This ForkLift update bills itself as the 'second coming of file management', aiming to cement the application in place as the premiere file manager for the Mac.
Unlike most of its rivals, such as Transmit, ForkLift slightly uneasily straddles the gap between FTP client and Finder, integrating ideas from both. Therefore, you can use ForkLift to connect to FTP, WebDav and S3 accounts, but the application also encourages you to use it as a dual-pane Finder replacement, even adding Finder-like Devices and Favorites sections to its sidebar.
ForkLift's feature-set is impressive and largely based around efficient workflow. Many new features are also matched by the latest Transmit mounting remote storage in Finder, a transfer queue, Quick Look integration – but it also has a couple of interesting unique features.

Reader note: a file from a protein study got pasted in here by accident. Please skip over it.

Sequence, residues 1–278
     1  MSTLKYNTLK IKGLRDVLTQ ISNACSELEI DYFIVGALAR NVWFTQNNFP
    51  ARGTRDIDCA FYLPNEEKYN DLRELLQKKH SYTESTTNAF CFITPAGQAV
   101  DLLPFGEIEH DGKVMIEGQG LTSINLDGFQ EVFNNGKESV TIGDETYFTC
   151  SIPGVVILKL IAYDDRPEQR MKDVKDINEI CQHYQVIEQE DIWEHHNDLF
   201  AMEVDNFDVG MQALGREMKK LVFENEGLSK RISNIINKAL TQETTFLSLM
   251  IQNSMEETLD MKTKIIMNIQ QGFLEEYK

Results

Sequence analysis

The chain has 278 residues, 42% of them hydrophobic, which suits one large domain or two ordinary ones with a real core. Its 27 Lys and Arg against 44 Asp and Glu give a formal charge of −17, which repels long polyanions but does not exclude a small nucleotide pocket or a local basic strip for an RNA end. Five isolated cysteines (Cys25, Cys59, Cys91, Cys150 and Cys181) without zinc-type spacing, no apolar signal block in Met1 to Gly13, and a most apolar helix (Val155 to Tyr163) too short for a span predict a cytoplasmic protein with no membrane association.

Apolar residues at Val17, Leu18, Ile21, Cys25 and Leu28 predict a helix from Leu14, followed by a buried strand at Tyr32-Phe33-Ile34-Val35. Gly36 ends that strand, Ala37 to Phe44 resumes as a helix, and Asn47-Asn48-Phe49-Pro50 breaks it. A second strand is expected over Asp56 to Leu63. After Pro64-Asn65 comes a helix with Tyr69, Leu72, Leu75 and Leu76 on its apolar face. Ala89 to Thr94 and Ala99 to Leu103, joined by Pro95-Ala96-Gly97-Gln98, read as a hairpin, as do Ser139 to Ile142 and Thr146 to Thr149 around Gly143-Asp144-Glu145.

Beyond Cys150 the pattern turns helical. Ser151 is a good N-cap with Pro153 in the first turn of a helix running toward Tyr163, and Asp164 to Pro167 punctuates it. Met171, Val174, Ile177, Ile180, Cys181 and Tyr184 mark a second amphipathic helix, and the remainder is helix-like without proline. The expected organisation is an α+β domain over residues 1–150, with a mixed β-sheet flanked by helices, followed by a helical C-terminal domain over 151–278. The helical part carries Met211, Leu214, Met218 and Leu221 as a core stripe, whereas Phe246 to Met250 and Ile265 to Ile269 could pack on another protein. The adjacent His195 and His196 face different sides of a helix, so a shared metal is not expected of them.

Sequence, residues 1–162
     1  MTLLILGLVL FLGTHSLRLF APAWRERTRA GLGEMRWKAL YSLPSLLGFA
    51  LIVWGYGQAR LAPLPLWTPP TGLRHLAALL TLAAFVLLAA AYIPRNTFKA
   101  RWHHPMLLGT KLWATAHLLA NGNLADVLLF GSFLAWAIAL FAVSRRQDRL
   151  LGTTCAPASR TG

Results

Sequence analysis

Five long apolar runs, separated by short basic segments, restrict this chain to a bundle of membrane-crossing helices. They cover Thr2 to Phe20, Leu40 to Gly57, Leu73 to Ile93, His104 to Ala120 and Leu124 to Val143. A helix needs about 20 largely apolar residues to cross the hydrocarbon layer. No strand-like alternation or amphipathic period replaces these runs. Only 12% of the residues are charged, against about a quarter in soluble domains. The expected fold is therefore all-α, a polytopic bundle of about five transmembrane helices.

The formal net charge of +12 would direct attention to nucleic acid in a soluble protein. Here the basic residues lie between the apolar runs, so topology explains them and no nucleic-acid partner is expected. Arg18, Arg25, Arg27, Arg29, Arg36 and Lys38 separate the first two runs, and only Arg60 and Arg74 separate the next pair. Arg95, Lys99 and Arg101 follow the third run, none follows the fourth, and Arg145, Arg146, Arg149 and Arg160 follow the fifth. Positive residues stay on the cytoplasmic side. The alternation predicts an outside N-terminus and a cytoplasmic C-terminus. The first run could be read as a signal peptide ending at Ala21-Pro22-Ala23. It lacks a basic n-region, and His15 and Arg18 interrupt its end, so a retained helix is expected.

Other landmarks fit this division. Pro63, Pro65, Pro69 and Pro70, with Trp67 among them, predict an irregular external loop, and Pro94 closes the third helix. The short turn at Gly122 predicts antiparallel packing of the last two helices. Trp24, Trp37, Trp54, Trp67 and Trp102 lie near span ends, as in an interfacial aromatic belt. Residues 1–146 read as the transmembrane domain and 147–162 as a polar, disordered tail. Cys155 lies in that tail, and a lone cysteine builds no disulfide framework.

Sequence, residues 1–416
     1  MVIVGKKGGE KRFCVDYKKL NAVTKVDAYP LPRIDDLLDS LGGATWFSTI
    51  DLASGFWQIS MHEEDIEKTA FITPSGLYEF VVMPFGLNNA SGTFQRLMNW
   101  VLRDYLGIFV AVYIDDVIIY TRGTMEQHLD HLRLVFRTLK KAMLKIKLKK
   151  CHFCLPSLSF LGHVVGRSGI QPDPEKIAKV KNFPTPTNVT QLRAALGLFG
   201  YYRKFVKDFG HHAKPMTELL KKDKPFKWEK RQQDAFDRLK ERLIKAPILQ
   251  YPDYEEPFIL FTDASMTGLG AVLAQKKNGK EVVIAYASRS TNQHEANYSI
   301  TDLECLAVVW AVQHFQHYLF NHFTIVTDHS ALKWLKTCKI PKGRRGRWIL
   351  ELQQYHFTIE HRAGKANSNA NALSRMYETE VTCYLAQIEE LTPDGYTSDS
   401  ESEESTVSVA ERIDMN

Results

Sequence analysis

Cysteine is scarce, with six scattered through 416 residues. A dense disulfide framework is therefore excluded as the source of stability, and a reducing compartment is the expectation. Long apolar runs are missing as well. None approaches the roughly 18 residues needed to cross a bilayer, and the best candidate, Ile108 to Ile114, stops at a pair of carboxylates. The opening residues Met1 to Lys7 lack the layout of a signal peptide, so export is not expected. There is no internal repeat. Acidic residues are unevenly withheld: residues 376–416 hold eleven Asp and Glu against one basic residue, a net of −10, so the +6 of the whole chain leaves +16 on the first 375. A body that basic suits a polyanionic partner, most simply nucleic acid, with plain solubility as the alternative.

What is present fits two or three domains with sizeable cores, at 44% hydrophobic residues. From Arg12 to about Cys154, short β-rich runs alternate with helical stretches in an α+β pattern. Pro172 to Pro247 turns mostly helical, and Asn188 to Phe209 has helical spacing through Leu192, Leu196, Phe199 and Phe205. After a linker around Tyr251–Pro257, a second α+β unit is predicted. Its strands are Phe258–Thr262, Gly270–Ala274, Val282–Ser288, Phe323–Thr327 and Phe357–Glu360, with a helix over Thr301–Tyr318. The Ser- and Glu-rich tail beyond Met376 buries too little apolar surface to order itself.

Tweak a preference setting and archives can be browsed like folders – handy for anyone who archives projects to ZIP.
New in ForkLift 2 is Stacks, virtual containers to which you drag files that can then be uploaded as one. These features are great and would be enough to recommend ForkLift outright if it wasn't for the performance issues we suffered throughout testing.
Speed-wise, ForkLift was typically fractionally faster than Transmit, but regrettably, reliability was a concern – we regularly suffered errors during uploads and downloads, regardless of how much we tweaked the settings; Transmit, by comparison, was fine with the exact same files and servers, so that's where our recommendation remains for now.
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